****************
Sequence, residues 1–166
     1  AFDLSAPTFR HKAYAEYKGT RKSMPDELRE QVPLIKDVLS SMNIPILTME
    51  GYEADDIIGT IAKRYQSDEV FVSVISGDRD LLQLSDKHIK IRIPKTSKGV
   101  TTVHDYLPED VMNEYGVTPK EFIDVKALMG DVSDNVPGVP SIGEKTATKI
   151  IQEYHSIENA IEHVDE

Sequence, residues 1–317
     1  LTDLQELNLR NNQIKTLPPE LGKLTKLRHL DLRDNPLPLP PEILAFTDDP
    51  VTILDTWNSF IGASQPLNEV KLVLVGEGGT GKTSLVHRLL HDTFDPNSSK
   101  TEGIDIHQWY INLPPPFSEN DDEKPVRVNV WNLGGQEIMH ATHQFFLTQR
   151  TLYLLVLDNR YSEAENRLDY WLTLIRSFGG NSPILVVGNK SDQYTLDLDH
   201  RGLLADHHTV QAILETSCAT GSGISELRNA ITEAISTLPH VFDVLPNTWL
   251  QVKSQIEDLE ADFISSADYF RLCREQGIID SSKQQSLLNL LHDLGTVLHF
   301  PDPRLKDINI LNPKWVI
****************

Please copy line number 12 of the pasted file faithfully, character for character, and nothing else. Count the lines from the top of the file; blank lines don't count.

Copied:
   251  QVKSQIEDLE ADFISSADYF RLCREQGIID SSKQQSLLNL LHDLGTVLHF